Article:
Since it was my first day as a mentor at Carver, I needed to be matched with a child. She asked me two questions: if I had a gender preference or if I had an age preference for a mentee. After giving my answer, only five seconds went by before she almost instinctively assigned me to a boy in the fifth grade.
I remember her telling me: “He talks a lot and he thinks he’s Chris Brown … but I think you’ll be able to handle him.”
She was right, and I have been his mentor for nine months. We meet for about an hour once weekly to do whatever he wants to do, which is typically lose to me in the card game UNO and show off his new outfits and shoes. He told me he had a different mentor before me who showed up once and never came back again, so I made it a goal to stick around for as long as I can.
Like most other students Rogers said she comes across, I just needed a place to get community service hours. Much to Rogers’ surprise, at the the end of the school year I asked if I could be his mentor at the CIS program for his middle school – since he graduated fifth grade last month.
My kid grew on me, much like Rogers says the thousands of kids she has come into contact with have grown on her.
Rogers herself was first introduced to The Carver Promise while fulfilling requirements for a social work class at VCU. She became a mentor to five kids her senior year of college before graduating with a degree in criminal justice.
Rogers decided to put off her long-held dream of becoming a police officer when the job became available upon her graduation. After securing a job with The Carver Promise, she never left.
Rogers insisted that she does not do her job for the cliche recognition of a white woman saving black kids. She said her primary motivation is always her kids.
“I can drive down the street and listen to Taylor Swift and they’re going to look at me a certain way – not realizing what I do for the black community,” Rogers said. “And I’m okay with that; I don’t care because I know what I do … I care what these kids think. I don’t care what anybody else thinks.”
Thompson praised Rogers for her kindness as a motherly figure to the community, despite her humility.
“I don’t even think she even thought about it,” he said about Rogers deciding to take him on a nearly six-and-a-half-hour drive to Bethany College in West Virginia, where she dropped him off for his freshman year. “She made sure I had everything straight.”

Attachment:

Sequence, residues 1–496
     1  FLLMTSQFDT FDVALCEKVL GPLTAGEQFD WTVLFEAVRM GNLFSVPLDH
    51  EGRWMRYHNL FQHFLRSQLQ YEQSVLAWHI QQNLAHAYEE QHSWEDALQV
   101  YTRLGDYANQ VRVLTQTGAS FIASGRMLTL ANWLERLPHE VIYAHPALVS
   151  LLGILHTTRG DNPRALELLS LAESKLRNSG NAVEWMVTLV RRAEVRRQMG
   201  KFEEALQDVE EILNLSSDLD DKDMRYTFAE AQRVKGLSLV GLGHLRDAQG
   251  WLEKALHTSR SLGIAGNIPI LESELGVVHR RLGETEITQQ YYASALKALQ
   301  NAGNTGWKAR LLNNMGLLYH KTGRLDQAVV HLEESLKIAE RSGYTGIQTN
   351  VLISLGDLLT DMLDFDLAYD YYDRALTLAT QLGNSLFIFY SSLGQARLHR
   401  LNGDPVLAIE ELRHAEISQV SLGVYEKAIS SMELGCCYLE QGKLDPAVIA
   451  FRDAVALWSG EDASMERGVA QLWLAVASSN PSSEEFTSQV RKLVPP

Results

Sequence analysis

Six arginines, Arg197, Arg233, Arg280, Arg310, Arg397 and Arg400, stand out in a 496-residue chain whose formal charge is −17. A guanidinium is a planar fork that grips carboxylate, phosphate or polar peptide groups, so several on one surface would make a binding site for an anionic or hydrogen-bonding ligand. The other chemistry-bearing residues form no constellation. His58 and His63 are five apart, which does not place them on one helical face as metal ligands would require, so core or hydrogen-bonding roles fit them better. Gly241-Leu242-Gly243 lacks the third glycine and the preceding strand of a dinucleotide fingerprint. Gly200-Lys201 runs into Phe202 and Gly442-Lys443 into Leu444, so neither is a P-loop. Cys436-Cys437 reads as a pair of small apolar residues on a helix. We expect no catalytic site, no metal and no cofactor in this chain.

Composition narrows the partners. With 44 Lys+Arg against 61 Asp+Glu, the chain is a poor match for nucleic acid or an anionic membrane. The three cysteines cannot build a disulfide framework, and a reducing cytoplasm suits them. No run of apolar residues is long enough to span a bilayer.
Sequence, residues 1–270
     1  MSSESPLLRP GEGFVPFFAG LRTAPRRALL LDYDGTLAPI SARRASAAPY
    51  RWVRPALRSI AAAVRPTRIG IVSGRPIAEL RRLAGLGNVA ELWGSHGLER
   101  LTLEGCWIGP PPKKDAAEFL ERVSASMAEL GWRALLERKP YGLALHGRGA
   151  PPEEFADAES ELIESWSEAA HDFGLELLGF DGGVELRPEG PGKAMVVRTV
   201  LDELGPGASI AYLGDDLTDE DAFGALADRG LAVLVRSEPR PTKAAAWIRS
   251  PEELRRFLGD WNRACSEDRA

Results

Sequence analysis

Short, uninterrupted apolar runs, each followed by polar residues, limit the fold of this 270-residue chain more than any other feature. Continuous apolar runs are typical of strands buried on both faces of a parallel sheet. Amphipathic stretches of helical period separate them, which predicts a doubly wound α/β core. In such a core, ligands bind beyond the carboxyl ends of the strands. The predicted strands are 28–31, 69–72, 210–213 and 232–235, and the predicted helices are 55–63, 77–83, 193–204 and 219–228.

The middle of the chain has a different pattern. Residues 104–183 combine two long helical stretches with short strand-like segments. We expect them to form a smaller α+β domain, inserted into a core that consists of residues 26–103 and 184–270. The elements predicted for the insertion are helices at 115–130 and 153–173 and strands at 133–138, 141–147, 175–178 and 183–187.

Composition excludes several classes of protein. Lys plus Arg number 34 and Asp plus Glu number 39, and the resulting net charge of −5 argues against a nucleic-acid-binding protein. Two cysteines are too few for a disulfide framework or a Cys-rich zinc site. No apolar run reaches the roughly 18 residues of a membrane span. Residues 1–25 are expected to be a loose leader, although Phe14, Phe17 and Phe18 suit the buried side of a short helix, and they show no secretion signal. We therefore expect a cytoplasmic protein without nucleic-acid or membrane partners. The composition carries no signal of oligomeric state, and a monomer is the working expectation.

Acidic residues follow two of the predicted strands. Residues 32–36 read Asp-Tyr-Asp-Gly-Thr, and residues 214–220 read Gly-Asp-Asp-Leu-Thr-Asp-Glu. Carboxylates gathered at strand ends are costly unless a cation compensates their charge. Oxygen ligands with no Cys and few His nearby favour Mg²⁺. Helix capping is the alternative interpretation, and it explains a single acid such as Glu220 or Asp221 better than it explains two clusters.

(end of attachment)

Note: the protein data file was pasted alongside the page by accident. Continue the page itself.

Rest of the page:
Natalie Lewis, another former Carver student, could also attest to the personal influence Rogers had on her life beginning nearly 20 years ago.
“Casey has always been supportive of my family,” Lewis said. “She came to my high school graduation and college graduation. My mom adores her and admires the work that she does and the relationships she has built with all her students.”
Rogers told CMN she often finds herself acting in a motherly role toward her kids. That is not to suggest that parents in the community are incapable of providing for their children — she said she feels parents in the Carver community get a worse rap than they deserve.
“A lot of our parents are overwhelmed,” she explained. “They’re trying to get up and out, … Their self-esteem is usually down because they don’t feel like they can provide a safe environment. It’s a whole bunch of B.S. that comes with poverty.”
Despite the B.S., Rogers said she believes that children who are motivated enough can have the willpower to uplift themselves and strive toward better futures when they become adults. Rogers, however, knows how it feels to see children slip through the cracks of society.
“Damnit!” Rogers said one day, hanging up the phone, slamming her hand down on her desk and startling me and my mentee.
Just like that, on an otherwise normal day in April, she received word that another one of her “kids” had been killed — shot dead.
“It happens all the time,” she said about losing children who she watched grow up – namely to senseless gun violence. “It’s not hard to tell who is following that path … I’ve seen kids that could’ve really been something and we had to bury them. That’s life unfortunately.”